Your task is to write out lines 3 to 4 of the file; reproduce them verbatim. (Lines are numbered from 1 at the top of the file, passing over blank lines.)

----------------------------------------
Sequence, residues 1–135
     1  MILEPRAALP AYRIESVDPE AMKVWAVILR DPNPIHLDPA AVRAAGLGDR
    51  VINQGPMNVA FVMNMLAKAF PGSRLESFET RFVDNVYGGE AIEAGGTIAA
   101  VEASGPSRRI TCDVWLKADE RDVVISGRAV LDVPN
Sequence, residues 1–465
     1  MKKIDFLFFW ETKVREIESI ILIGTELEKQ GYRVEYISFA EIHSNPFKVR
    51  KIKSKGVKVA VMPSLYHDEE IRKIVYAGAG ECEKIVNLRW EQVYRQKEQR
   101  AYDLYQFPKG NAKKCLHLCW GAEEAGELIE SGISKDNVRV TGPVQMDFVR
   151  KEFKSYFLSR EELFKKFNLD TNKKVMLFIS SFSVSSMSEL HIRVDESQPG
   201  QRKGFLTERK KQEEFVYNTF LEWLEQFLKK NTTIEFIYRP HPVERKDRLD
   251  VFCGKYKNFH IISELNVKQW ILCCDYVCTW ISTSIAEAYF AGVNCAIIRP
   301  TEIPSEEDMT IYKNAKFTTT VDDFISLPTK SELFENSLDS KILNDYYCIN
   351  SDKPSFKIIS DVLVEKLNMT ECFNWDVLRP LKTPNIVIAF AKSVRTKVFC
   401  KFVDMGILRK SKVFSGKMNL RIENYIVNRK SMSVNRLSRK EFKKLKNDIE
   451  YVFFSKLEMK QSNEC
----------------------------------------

    51  VINQGPMNVA FVMNMLAKAF PGSRLESFET RFVDNVYGGE AIEAGGTIAA
   101  VEASGPSRRI TCDVWLKADE RDVVISGRAV LDVPN